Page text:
I was looking for a pair of Ugg slippers online the other day as apparently Ugg has discontinued the style I have so I am unable to find them in stores.
Zappos.com comes up as one of the websites that carries the slipper. So I order them and they get to me in two days. That alone is a feat as most online retailers it takes two days just to process the order.
I open the box and what do I find, a slipper made for a Lilliputian. It’s a size 6. I check the box. It says size 9. I pull out the other slipper, it’s a size 9.
Clearly this is an Ugg mistake since the slippers still had the cardboard insert in them and were wrapped in plastic.
So I call zappos.com to fix the issue. I don’t have to wait to talk to someone, and when I tell them my problem, the woman on the phone makes a comment about the well-known fact that each of us has one foot bigger than the other, trying to make light of the situation.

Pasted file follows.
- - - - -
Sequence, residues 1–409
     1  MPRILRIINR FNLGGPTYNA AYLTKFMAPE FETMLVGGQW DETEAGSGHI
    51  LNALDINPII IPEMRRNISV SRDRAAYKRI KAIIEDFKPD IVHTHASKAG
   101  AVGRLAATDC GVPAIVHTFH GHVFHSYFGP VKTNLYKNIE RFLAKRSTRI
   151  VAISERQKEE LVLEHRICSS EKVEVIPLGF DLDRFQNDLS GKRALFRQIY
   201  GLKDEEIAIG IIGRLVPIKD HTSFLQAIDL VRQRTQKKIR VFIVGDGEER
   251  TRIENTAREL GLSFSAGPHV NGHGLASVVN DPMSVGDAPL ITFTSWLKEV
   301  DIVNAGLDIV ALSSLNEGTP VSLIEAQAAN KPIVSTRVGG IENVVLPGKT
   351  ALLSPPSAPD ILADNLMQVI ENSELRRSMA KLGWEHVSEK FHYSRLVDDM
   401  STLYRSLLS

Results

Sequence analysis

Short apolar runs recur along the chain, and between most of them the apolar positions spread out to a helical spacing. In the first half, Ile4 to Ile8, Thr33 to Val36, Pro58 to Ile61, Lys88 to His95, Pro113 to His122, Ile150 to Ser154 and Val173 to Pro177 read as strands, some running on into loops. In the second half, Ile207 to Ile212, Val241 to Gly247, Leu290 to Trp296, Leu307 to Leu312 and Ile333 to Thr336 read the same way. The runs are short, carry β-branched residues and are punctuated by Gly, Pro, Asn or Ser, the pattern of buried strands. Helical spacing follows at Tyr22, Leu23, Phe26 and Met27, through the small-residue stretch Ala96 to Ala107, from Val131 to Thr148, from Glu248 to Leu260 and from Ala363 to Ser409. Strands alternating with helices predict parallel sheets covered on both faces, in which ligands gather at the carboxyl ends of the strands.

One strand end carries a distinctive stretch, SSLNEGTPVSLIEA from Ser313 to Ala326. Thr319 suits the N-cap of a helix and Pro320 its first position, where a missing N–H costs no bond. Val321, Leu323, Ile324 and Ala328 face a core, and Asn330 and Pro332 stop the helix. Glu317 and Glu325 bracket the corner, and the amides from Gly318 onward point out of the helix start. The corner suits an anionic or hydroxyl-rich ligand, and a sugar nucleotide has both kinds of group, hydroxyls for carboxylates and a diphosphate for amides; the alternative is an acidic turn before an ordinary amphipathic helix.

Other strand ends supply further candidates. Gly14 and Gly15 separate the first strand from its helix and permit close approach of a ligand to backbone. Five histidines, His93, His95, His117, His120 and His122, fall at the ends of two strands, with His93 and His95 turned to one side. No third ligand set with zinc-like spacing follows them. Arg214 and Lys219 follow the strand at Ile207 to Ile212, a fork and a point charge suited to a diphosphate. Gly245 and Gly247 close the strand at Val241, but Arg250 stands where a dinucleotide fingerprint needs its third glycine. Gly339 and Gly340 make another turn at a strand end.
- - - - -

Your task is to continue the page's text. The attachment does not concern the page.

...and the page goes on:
I laughed. And within two minutes, a new pair of slippers was on the way to me, a pdf shipping label was emailed to me (I didn’t have to pay to return the slippers) and a note was made at zappos.com to check the Ugg box to make sure I didn’t get the other size 6 and size 9 for the missing pair I already had.
THE REAL WORLD RETAILING TAKEAWAY
It doesn’t have to be so difficult. Just give people what they want.
Mistakes happen. We’re all human. And zappos.com’s way to deal with me was to make fun of the situation. I love that. It says we don’t all have to be programmed to act a certain way, to talk with pat answers that are so choreographed that they take the human out of the human being.
People are people. And they need to express themselves however they want or need to. Don’t stifle your store team’s individuality. Allow them to be who they are and you’ll have a more personable team.
And don’t forget: The customer is always right. So take a page out of zappos.com’s book and make it right no matter what it takes. Do that and you’ll have a customer for life.